Let’s just say you’ve caught the bug. Tired of that watered down beverage the grocery store labels “Milk” you bite the bullet and bring home your first cow. You’ve got the pasture all fenced, the barn warm and waiting, and a black-faced Jersey by your elbow giving you sloppy, slobbery kisses. So now what? Standing at the gate a little worm of doubt suddenly gnaws your mind as you wonder what in the world are you going to do with that great big animal?
What indeed. But there’s something to be said about determination. It is both a will and a way, and when the hard stuff starts knockin’ around it’s time to draw on those determined boxing gloves.
Any extensive research on raising the family cow for the one-cow family will provide the ground basics – i.e. which breed is best; purchasing the cow; feed requirements; handling and grooming; perhaps some books will even give overviews on calving 101 and health related issues. But what books and articles don’t give is individual experience.
So what’s some of the hard stuff you might encounter on the journey to a rural paradise?
Let me fill you in:
~Vacations – are limited when you own livestock. However, for those who really love their vacations there’s a glimmer of hope: take it when the cow has been dried off.
~Learning to hand milk – sore, stiff hands for weeks
~Endless piles of washing – jars, rags, tote, milk bottles, buckets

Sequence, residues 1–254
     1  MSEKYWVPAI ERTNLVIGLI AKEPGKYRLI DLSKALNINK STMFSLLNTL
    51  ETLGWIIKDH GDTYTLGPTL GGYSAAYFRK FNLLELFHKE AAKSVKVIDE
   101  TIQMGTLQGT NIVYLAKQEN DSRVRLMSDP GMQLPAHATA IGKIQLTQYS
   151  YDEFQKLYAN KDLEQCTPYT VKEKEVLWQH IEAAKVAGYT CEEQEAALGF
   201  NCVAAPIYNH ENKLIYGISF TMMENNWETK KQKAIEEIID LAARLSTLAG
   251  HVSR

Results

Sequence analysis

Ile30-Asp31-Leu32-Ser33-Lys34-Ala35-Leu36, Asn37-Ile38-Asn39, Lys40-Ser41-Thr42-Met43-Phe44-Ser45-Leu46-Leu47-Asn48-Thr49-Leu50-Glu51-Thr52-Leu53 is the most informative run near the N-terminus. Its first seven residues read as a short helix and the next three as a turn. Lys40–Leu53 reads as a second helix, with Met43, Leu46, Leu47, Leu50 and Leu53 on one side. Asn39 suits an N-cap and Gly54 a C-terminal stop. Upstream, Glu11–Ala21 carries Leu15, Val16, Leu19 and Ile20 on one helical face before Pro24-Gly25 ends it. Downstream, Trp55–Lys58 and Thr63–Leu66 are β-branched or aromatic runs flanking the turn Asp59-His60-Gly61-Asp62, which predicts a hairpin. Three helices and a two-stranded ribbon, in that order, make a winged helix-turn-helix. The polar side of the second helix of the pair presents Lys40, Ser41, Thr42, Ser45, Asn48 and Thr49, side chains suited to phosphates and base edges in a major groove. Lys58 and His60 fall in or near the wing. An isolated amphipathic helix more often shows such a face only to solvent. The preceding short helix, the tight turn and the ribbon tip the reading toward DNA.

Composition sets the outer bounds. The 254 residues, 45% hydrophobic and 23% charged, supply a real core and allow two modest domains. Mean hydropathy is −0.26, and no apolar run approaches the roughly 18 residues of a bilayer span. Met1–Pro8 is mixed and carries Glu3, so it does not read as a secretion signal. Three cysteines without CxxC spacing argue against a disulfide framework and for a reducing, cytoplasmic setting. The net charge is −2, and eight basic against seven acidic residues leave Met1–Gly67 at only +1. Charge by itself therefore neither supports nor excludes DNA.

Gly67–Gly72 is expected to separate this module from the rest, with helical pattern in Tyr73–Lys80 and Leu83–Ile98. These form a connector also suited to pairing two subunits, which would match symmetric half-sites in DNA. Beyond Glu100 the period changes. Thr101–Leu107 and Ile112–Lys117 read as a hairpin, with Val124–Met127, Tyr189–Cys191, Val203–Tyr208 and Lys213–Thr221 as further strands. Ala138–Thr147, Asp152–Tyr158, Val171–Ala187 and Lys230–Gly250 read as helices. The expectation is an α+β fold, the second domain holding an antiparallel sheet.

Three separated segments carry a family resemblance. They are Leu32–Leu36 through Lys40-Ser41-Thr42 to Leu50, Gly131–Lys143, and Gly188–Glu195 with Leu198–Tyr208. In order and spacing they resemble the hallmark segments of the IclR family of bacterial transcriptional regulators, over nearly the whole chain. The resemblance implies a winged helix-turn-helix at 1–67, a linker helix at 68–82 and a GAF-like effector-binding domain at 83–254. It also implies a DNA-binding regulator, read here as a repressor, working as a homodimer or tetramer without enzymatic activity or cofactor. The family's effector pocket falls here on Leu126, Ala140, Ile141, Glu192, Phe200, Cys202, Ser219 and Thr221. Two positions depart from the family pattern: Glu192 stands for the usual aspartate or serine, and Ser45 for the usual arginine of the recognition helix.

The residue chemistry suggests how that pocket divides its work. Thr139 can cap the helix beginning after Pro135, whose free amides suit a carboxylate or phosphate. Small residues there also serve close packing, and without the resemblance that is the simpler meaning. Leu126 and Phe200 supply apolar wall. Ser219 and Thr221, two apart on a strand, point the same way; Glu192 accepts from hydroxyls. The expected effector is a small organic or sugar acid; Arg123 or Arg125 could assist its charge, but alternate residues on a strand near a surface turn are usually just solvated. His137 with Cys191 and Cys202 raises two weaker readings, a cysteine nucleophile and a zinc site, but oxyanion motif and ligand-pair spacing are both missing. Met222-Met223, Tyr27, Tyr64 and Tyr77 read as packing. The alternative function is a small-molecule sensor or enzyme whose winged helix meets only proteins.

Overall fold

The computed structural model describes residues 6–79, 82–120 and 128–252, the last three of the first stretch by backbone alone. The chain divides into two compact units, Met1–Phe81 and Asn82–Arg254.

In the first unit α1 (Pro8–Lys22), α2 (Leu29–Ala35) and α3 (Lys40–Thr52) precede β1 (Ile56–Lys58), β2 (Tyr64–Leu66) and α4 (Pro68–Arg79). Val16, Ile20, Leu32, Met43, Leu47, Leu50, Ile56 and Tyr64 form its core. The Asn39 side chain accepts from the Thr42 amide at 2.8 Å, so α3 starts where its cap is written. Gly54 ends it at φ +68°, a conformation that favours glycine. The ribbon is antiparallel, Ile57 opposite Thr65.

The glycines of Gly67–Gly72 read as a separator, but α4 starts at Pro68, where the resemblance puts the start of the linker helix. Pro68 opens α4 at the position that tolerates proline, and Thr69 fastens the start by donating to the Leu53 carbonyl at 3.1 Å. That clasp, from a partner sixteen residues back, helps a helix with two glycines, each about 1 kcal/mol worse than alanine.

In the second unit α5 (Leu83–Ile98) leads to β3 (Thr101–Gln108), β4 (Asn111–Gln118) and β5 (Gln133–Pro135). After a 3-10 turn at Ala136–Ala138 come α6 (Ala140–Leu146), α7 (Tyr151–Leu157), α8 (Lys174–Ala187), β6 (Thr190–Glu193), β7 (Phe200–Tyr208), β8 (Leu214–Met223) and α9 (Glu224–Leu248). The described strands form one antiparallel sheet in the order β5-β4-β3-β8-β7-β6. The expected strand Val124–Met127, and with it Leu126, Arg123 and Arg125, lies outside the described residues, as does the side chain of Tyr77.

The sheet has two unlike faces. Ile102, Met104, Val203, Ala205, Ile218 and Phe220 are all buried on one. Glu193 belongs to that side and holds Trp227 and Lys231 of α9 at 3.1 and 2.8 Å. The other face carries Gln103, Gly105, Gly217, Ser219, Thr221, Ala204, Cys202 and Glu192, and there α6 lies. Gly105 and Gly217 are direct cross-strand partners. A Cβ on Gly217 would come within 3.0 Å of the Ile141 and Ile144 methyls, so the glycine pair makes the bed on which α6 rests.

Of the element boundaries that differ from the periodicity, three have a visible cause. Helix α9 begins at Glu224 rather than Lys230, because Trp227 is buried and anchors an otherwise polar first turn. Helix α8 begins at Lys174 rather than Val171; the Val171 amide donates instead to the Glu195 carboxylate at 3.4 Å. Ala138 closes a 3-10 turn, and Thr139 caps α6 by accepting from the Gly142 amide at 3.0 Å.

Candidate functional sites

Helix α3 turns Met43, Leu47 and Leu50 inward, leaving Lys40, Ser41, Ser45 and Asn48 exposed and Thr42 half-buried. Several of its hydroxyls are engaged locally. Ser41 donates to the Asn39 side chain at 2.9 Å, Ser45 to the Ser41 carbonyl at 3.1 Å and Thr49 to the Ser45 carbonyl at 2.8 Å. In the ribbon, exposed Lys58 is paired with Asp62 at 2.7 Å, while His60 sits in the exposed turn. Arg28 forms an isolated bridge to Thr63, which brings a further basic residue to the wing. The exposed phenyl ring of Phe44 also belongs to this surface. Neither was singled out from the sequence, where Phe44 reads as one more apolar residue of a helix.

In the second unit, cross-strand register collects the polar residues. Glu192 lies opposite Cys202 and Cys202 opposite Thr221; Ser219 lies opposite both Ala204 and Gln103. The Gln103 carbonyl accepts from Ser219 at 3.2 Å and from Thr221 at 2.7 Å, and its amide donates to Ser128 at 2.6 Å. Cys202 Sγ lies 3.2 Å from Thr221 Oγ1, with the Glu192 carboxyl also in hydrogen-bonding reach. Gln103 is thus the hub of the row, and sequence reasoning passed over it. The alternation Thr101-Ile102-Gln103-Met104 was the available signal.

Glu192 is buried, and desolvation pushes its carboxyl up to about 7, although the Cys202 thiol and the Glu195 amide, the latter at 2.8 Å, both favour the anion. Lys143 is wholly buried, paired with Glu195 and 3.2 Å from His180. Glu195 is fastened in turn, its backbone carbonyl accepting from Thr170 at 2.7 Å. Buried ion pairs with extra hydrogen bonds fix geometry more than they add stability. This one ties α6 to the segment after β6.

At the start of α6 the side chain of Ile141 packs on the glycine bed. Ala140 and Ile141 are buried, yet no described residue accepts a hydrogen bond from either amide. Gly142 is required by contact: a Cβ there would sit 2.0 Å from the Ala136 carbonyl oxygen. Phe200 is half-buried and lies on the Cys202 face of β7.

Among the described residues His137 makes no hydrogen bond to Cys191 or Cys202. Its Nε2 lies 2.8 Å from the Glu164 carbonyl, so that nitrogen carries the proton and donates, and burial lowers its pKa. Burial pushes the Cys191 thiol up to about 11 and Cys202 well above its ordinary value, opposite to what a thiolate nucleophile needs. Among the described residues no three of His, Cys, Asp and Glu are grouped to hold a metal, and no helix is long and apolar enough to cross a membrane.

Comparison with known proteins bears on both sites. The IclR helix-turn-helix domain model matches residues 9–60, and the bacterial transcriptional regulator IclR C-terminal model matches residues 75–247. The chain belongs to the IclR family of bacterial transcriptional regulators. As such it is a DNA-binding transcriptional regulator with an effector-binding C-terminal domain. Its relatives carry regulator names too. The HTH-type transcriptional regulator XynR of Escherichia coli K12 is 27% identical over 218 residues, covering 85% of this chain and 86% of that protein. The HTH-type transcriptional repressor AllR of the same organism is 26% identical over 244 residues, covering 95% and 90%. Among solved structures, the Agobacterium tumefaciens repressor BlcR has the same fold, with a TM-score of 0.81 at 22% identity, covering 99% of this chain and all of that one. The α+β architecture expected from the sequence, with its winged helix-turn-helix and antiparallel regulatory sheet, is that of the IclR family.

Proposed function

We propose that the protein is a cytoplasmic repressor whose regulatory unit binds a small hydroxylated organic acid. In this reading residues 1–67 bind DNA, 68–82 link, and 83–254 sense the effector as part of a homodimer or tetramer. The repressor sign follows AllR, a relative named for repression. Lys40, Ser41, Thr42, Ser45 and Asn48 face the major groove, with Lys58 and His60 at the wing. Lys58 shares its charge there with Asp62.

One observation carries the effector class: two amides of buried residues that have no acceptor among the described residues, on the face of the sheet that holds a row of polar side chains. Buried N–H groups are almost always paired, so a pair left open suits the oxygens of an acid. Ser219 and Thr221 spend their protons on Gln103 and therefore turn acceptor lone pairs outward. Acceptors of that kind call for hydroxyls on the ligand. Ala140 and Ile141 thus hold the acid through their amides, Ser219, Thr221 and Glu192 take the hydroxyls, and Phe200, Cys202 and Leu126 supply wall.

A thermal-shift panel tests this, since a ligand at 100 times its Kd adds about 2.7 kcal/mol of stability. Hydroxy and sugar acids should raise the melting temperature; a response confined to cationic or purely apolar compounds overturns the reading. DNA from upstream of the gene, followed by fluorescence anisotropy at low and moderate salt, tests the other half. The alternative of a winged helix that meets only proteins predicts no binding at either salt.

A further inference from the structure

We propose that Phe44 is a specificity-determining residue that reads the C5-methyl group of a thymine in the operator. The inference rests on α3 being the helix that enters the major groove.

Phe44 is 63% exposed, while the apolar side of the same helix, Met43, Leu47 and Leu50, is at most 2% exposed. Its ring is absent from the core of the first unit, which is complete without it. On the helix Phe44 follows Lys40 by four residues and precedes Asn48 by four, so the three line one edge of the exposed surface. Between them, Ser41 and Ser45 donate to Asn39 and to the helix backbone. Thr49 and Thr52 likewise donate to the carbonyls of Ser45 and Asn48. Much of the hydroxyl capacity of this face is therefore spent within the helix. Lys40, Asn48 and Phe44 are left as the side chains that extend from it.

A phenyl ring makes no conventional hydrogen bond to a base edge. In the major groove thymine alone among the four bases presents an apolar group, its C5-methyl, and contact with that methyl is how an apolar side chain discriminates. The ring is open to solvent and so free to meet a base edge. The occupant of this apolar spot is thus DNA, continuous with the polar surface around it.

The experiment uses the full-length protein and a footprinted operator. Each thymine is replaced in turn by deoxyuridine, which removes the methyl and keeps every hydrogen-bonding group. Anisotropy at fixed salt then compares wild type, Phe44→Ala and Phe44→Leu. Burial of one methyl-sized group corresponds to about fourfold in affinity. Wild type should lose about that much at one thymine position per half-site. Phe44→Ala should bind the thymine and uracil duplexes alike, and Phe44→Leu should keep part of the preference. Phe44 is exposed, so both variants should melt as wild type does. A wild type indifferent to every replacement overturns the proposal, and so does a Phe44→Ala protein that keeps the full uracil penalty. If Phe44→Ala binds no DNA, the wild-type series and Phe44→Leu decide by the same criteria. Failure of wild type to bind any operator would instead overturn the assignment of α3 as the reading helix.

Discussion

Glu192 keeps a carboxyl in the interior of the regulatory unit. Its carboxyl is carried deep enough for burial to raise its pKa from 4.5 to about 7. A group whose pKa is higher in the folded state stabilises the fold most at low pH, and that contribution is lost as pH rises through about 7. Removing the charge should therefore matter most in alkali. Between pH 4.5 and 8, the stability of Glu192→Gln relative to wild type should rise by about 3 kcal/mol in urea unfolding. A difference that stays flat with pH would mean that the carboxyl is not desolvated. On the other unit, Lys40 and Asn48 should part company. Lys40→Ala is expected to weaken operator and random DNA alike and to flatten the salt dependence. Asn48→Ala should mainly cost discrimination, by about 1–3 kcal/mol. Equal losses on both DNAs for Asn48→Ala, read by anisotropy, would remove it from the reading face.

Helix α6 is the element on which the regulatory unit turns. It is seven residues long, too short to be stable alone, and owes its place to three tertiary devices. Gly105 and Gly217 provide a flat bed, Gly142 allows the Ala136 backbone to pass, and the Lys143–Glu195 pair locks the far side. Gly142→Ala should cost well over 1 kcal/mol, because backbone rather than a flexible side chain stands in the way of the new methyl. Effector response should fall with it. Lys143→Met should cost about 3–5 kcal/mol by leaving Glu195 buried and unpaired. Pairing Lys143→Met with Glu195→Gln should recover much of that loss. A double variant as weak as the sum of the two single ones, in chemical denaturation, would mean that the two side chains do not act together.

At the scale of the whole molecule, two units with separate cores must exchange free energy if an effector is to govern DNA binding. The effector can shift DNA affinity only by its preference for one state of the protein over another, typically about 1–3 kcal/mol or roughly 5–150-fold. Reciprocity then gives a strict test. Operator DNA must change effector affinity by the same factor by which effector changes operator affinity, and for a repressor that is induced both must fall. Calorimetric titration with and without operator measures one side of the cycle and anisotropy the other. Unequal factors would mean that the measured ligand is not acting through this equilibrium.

~Hay – stacking 200 bales by hand , not to mention buying extra in times of drought
~Sickness – staying up all night with a calf who had pneumonia
running around the yard at 11 pm dragging a stubborn heifer who had bloat
fighting mastitis in 4 quarters
dealing with udder rot for a whole season
~Flies – Ugh!
~Mucking out the cow pen in the spring – a 2 foot deep oozing, soupy, stinking mess
~Heats – if one doesn’t own a bull there’s always the problem of knowing when she’s ready to be bred; hence the constant relays between house and barn. And then of course there’s the stubborn ones who have silent cycles and it’s a missed phone call to the AI tech
~Giving an injection – perhaps the hardest job on the farm
~Maintaining fences – a chore in itself
~Weather – caring for your dairy cow in winter, be it 30 or -30
~Managing pasture – because the cow farmer is really a grass farmer
But let’s face it. While most of the hard stuff is daunting it is also defeatable, depending on one’s dose of determination. Learning to successfully raise the family cow is a process – it doesn’t click all at once and you know the whole shebang. No. You learn as you go. Because really, it’s an adventure. And the adventure never taken is the story never told.